Seven we know is a perfect number in God's language. It is significant in terms of tribulation or troubles as well. Seven years are spoken of in Daniel and Revelation about events to come. We need to think of the famine of Joseph's life as being a shadow of this great event to come, and as a series of messages already known to those who learned their history as an Israelite, as they went through their tumultuous history. It takes me to many little events that tell us of God, and how he teaches lessons, judges, or punishes. For example Israel spent 70 years in exile for failing to obey God over one of the aspects of the law — six years they were to crop, and the seventh was to be fallow (Exodus 22).

The Famine

Famine is used by God for a specific, loud message. He used it during Elijah's time (we studied this a year or so ago) to bring Ahab to his knees, to destroy the prophets of Baal, to help Elijah make a point, to identify 7000 faithful. A commentator writes that:

The Hebrew word for 'drought' is 'choreb' which also means heat and dryness. There are only six references to drought in the Bible. The Bible, however, refers to famine in different contexts as many as 85 times in the Old Testament and 10 times in the New Testament. The Hebrew words for 'famine' are 'raab' and 'rabown' and the Greek word is 'limos', which also mean dearth, scarcity of food and hunger.

Famine is one of the many things and events that will signal the end times as Jesus himself warned: against nation, and kingdom against kingdom. There will be famines and earthquakes in various places.[2]

In this seven year famine, Joseph held all the grain he had collected. The grain had not been collected for resale without pain for the Egyptians. They first handed over all their money, then their land, then themselves. Commentators write that one can compare this Scriptural account as compared to times during the tribulation. Joseph becomes the type of Christ, as well as picturing the opposite to the antichrist. People will sell their souls to the devil, in order to get food and goods in the last days. They will be willing to have the mark of the Beast on them for trade. However, Jesus Christ will offer salvation through the 144,000 sent to the world, at the price of death that will be exacted from those who reject the beast (See the book of Revelation).

The famine was so wide spread that people came down to Egypt to find food from all places, including of course Canaan's population along with Joseph's brothers. Here is a central core aspect of God's plan. God wanted Israel to commence in Egypt – to grow and thrive. He had a place for Joseph in His plan, He gave Joseph's two dreams, prophecy to fulfil, which required Joseph to become what he did, second in command in Egypt. So a kidnapping was needed, then slavery, followed by becoming a prisoner in Pharaoh's jail for Pharaoh's miscreants, then interpreting dreams for two prisoners, and finally being remembered when Pharaoh needed dreams interpreted 13 years down the track from when it all started. As you can see — this is a long list of linked events. God, using the same famine, provided a reason to get the family of Israel out of Canaan, to re–connect with Joseph and fulfil the prophecy — famine moves men; God controls the climate, he can move men whenever!  Even if they did not want to! God's plan is amazing in its complexity, and for our simple human minds, you wonder what He is doing. In faith we need to accept that God is sovereign, His ways are perfect, His plans are exactly what was going to work, to get the big picture sorted. Romans 11:33 – Oh, the depth of the riches and wisdom and knowledge of God! How unsearchable are his judgments and how inscrutable his ways!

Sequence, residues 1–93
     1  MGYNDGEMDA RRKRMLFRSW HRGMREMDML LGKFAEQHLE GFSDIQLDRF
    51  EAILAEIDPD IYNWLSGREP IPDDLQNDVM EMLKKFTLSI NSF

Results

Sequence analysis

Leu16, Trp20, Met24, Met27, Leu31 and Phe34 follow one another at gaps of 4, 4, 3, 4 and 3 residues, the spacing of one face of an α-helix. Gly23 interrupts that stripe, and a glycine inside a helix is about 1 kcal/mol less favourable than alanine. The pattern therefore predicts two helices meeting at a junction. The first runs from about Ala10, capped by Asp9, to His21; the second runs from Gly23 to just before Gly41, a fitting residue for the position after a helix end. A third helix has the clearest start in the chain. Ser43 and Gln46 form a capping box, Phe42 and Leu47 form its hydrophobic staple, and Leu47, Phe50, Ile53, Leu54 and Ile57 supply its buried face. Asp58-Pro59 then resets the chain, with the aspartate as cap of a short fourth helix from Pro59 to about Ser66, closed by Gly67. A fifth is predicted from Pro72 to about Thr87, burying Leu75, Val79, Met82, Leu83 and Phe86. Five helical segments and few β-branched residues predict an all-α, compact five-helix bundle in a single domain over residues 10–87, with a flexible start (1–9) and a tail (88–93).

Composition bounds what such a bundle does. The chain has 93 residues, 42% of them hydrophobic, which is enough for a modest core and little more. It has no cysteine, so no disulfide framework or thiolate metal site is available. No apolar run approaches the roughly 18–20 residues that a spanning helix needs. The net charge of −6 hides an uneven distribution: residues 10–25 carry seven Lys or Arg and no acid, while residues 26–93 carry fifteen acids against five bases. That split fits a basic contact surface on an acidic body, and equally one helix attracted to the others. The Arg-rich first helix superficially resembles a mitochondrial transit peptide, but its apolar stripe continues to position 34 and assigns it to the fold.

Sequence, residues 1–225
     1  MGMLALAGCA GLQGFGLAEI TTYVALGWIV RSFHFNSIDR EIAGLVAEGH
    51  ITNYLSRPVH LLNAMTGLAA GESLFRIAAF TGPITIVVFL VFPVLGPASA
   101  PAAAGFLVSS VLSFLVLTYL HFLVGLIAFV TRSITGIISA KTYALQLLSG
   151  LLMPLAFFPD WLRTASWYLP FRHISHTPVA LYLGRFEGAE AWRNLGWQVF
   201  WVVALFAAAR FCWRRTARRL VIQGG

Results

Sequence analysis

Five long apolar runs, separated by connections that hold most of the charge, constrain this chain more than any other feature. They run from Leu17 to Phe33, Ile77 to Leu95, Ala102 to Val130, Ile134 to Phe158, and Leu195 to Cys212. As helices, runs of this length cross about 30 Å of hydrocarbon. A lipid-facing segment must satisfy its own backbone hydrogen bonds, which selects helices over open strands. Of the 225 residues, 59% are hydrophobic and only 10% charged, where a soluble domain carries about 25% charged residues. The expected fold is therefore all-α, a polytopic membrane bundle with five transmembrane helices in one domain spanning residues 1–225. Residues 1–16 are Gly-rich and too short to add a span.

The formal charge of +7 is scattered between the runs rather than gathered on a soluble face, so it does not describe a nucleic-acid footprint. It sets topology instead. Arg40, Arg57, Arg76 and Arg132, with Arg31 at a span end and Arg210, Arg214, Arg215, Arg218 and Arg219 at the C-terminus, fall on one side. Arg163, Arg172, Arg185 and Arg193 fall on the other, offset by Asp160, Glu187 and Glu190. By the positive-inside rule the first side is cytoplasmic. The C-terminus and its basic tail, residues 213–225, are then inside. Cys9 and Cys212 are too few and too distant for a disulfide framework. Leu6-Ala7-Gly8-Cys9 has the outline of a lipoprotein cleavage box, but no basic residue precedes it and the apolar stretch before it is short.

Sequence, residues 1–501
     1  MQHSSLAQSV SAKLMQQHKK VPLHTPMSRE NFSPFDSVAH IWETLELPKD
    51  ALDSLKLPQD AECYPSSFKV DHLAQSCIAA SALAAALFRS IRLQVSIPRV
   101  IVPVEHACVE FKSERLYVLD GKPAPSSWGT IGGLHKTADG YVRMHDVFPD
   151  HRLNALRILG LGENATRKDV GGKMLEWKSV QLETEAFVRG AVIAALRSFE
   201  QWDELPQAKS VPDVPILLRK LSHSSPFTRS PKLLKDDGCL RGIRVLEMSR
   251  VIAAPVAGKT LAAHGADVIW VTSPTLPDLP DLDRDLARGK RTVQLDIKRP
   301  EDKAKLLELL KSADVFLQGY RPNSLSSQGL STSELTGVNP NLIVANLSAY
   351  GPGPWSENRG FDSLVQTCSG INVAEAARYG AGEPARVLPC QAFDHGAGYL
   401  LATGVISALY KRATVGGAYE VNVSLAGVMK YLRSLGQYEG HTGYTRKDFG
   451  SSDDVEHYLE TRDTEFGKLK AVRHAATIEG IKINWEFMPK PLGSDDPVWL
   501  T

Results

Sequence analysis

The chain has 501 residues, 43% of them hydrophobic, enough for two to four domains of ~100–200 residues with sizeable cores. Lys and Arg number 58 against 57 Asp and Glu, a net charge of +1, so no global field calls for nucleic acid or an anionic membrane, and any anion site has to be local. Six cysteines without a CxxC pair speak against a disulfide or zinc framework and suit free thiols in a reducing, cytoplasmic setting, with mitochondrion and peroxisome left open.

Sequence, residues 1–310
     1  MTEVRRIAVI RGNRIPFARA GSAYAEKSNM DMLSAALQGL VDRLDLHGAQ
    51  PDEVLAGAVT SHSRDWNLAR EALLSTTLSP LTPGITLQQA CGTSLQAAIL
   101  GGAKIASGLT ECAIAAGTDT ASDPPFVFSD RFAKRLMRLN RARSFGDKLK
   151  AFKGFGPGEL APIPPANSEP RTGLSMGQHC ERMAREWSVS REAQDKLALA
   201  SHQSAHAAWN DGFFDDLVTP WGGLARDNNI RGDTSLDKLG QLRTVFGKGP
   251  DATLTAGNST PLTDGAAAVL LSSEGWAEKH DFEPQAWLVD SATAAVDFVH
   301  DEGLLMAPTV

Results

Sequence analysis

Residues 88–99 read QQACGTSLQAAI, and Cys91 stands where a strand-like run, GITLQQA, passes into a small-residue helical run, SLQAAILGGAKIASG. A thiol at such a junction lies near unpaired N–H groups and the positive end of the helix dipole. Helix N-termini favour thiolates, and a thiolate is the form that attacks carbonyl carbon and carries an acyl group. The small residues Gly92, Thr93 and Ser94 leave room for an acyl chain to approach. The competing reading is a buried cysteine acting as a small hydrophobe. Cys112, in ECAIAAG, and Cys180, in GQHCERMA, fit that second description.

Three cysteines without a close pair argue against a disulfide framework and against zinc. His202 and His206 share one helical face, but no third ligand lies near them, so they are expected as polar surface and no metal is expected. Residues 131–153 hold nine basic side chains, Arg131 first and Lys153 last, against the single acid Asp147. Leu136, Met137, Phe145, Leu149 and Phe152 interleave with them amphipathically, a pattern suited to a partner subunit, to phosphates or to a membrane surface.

Joseph through his wisdom in collecting food, ensures the survival of those that come to him to be fed, Jesus of course, through his messengers does the same, although they die, they are translated to eternal life with the Father. It becomes our choice; do we accept the food (grain — bread of life), or famine and death? We must put in safe storage for the bad times that which is gold, silver and precious stones, those things that glorify God, to have and remember His goodness to us, for our own spiritual food, during our own famines. I found this list of verses that give us great insight into the meaning of these verses about the years of plenty and that of the famine, what the lessons of Joseph teaches us, this biblical method of Joseph being a representation as a type of Christ, and us today. They are a fascinating list, with all the key lessons we need for the ups and downs of life. They start with the need to be a Joseph, or Enoch, Job or Paul, or perhaps an Elijah — we must walk with God, in faith: